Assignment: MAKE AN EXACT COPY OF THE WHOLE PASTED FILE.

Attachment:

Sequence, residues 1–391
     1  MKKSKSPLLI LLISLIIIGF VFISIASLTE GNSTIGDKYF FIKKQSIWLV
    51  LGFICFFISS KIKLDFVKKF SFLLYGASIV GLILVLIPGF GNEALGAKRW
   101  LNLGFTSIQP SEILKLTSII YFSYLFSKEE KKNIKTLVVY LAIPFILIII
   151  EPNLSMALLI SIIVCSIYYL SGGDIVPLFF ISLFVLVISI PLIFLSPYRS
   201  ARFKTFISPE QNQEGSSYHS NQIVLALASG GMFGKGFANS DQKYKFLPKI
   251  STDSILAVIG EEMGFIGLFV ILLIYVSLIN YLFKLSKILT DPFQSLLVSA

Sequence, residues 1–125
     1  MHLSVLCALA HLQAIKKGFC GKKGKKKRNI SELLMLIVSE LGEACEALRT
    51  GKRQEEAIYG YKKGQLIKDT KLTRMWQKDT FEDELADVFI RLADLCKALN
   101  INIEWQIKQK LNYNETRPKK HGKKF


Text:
Sequence, residues 1–391
     1  MKKSKSPLLI LLISLIIIGF VFISIASLTE GNSTIGDKYF FIKKQSIWLV
    51  LGFICFFISS KIKLDFVKKF SFLLYGASIV GLILVLIPGF GNEALGAKRW
   101  LNLGFTSIQP SEILKLTSII YFSYLFSKEE KKNIKTLVVY LAIPFILIII
   151  EPNLSMALLI SIIVCSIYYL SGGDIVPLFF ISLFVLVISI PLIFLSPYRS
   201  ARFKTFISPE QNQEGSSYHS NQIVLALASG GMFGKGFANS DQKYKFLPKI
   251  STDSILAVIG EEMGFIGLFV ILLIYVSLIN YLFKLSKILT DPFQSLLVSA

Sequence, residues 1–125
     1  MHLSVLCALA HLQAIKKGFC GKKGKKKRNI SELLMLIVSE LGEACEALRT
    51  GKRQEEAIYG YKKGQLIKDT KLTRMWQKDT FEDELADVFI RLADLCKALN
   101  INIEWQIKQK LNYNETRPKK HGKKF